“This paper has suggested a simple model that can account for the key anomalies of the traditional monetary approach. It disaggregates the quantity of credit into a ‘real’ and a financial circulation. In time periods, when the ratio of credit in the financial circulation to credit in the real circulation rises, the simple quantity theory must be expected to disappoint, as it is a special case of the more general quantity theorem of disaggregated credit. In such time periods, a financial boom is likely, as asset prices are driven up by speculative borrowing on the back of collateralised assets. This explains why the traditional monetary quantity theory was not popular in the 1920s and 1930s, and again in the late 1980s and early 1990s. Then the traditionally defined velocity of money declines and excess credit creation can ‘spill over’ as foreign investment. However, during time periods such as the 1950s, when in many countries credit was mainly channeled into the real economy, asset prices remained stable and the traditional quantity theory could be expected to hold. The fact that the model can account for the major anomalies observed in many countries over many time periods demonstrates generality and robustness.
    The empirical results for the Japanese case have been unambiguously supportive. The Japanese asset bubble of the 1980s was due to excess credit creation by banks for speculative purposes, largely in the real estate market. The apparent velocity decline is shown to be due to a rise in credit money employed for financial transactions, while the correctly defined velocity of the real circulation is found to be very stable“

  9. Gravatar of David S David S
    6. February 2021 at 03:02

    Scott and Michael,

    Thanks for the answers to my question. If I was reading the graphs correctly Beckworth seems to be noting a deeper NGDP drop than the Fed—but that may just be a data lag, and the events of the past year have been unusual to say the least.

    I wonder if Q3 of this year will see a snap back of wages in leisure & hospitality that moves the NGDP into “hot” territory. Maybe the sector isn’t big enough to register that impact. If the Fed “reaches for the punch bowl” in mid 2022 they might be reacting too soon given the output gap trend. I can imagine a scenario where wages stay flat even as labor force participation recovers to 2019 levels.

  10. Gravatar of postkey postkey
    6. February 2021 at 03:23

    ” . . . and you’d have to be spectacularly ignorant or innocent not to know this. Milton Friedman may have been either or both. After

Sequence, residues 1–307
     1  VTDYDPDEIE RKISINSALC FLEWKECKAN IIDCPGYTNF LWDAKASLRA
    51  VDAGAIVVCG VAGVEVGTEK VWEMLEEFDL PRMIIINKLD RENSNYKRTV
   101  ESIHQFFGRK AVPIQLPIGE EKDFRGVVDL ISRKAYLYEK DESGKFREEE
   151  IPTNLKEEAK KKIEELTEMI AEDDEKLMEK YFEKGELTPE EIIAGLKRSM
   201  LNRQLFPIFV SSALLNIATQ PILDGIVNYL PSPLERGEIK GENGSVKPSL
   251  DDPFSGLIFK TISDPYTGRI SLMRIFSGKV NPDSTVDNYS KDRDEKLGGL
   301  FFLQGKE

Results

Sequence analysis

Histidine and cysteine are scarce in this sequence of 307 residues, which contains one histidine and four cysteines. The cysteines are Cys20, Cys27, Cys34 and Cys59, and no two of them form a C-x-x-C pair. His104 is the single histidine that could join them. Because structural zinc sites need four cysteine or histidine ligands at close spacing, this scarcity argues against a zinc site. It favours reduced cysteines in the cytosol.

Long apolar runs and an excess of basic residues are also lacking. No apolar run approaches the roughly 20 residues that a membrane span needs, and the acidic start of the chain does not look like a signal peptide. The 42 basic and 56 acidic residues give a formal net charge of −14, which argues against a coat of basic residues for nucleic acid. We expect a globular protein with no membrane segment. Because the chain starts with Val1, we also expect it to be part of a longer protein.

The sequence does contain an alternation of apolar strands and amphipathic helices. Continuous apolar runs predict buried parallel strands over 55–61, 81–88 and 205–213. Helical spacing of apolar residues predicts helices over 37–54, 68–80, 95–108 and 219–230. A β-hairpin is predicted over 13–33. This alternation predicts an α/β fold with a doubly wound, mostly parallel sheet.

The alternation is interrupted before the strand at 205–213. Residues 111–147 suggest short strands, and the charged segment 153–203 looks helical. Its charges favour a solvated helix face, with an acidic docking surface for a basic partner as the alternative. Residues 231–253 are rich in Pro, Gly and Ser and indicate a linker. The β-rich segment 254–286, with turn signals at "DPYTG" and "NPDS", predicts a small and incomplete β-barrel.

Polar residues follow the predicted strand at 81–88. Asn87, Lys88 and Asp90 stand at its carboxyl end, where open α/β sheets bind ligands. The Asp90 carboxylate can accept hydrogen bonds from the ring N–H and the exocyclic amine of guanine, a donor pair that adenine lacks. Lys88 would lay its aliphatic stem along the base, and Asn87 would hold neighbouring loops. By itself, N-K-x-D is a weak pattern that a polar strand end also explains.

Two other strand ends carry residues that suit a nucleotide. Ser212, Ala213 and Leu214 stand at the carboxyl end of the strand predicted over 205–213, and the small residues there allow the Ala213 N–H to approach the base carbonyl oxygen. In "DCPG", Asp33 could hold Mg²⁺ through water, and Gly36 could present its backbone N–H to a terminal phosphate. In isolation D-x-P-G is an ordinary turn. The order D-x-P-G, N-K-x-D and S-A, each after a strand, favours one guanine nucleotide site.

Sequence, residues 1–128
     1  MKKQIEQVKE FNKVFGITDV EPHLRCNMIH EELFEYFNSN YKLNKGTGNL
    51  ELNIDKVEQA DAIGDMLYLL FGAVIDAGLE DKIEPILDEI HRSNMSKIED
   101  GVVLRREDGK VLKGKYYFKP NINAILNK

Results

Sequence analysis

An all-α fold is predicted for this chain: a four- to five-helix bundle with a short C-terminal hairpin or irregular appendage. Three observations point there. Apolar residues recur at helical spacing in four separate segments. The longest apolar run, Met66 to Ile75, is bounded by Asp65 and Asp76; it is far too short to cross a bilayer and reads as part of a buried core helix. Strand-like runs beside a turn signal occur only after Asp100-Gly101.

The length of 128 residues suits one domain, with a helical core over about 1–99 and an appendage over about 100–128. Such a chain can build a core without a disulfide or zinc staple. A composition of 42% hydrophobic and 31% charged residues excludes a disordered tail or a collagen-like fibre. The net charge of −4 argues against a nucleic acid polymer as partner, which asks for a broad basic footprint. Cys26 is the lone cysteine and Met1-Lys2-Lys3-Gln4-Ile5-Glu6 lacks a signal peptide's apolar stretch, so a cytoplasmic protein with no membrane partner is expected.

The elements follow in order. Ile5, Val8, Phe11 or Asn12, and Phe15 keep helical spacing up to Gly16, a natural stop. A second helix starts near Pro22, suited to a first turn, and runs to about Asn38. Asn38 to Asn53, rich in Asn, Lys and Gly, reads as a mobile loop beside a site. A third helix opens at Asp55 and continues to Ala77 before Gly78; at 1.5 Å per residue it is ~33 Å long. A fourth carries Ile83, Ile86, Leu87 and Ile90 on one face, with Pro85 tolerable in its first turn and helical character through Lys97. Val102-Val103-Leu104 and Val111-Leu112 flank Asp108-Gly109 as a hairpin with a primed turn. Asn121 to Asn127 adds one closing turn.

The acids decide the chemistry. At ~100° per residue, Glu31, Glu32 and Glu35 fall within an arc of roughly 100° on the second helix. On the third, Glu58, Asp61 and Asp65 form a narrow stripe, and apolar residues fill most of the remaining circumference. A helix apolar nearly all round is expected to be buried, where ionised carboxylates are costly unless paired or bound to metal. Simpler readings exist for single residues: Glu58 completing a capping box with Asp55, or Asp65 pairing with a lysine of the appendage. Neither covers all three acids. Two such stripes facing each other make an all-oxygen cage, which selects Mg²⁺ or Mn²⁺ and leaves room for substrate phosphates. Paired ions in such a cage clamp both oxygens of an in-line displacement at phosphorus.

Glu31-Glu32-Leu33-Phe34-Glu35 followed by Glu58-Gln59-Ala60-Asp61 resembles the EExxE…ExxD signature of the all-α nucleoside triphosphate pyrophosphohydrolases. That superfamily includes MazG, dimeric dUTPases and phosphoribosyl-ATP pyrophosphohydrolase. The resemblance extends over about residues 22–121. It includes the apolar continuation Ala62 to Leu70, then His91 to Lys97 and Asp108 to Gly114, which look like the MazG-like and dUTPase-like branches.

all, one of his series of films (collectively titled Free to Choose) which the BBC showed in 1980, used Japan – an outstanding example of state-managed capitalism – as an exemplar of the free market.”

  11. Gravatar of Spencer B Hall Spencer B Hall
    6. February 2021 at 07:10

    The spurious assumptions are laughable. Milton Friedman was only good at math.

    Our concern is the relationship of money (not interest rates), to the level and movement of prices. It is a well know fact that a rise in prices, not too rapid and extreme, has a stimulating effect on business profit expectations. Acting under the impulse that wider profit margins are in the offing, businesses will go into debt, hire workers, buy additional inventory, expand their rate of operations, and if their optimistic anticipations cover a long enough period, decide to expand their plant capacity, and develop new outlets for their products.

  12. Gravatar of Spencer B Hall Spencer B Hall
    6. February 2021 at 07:21

    re: “The model combines one element from Irving Fisher (the difference between the nominal and the real interest rate)…”

    As the world’s leading authority on bank reserves, Dr. Richard G. Anderson, posited:

    “The Fed’s staff are all very sensitive to the Fisher equation and its implied spread between nominal market rates and “real” rates. Every economics class has taught about the Fisher equation for decades. But, of course, there are open issues — which maturity of nominal rate to use? And which price deflator? Some folks would use an overnight rate, some a 90 day rate, some a government rate, some a private sector rate, some would use the 10-year bond rate, etc……

  13. Gravatar of Carl Carl
    6. February 2021 at 09:01

    You wrote

    It is a well known fact that a rise in prices, not too rapid and extreme, has a stimulating effect on business profit expectations.

    . A whole lot of macroeconomics fits into that clause, “not too rapid and extreme.”.

  14. Gravatar of ssumner ssumner
    6. February 2021 at 09:50

    Daniel, You said:

    “My undergrad intro macro course assumed V was constant”

    You should ask for a refund in your tuition. Even monetarists don’t believe that.

  15. Gravatar of marcus nunes marcus nunes
    6. February 2021 at 13:07

    Scott, I don´t remember if when I brought your attention to Friedman´s paper I sent my accompanying post. In that paper Friedman came “this close” to be the proponent of what became Market Monetarism. I was frustrated to see that in later manifestations he went back to “rising money per unit of output” view of inflation.

  16. Gravatar of marcus nunes marcus nunes
    6. February 2021 at 13:32

    Without asking permission I´ll use Scott´s blog to “advertise” that “to compete with Krugman”, I´ve also moved to Substak. This was my first post there. Please sign up for free access and shere with your friends.

  17. Gravatar of Spencer B Hall Spencer B Hall
    6. February 2021 at 14:03

    @Carl re: “not too rapid and extreme”

    Before the next stimulus, breakevens will likely top around when the CPI is reported on Feb. 10 2021. I.e., long-term monetary flows, volume times transactions’ velocity, are set to plateau.

  18. Gravatar of ssumner ssumner
    6. February 2021 at 22:34

    Marcus, Good luck with your Substack.

  19. Gravatar of Thomas Hutcheson Thomas Hutcheson
    7. February 2021 at 11:25

    ““where Congress presumably wanted to allow for judgement.”

    Whose judgment?”

    The Fed board of governors’ judgement. Congress could have defined the inflation-employment tradeoff if it had wanted to.

  20. Gravatar of Justin Justin
    8. February 2021 at 07:57

    “one very specific interpretation of the best tradeoff between inflation and maximum unemployment”

    Is there actually a trade off?

    Japan has had minimal inflation for decades, and the average unemployment rate has been quite low.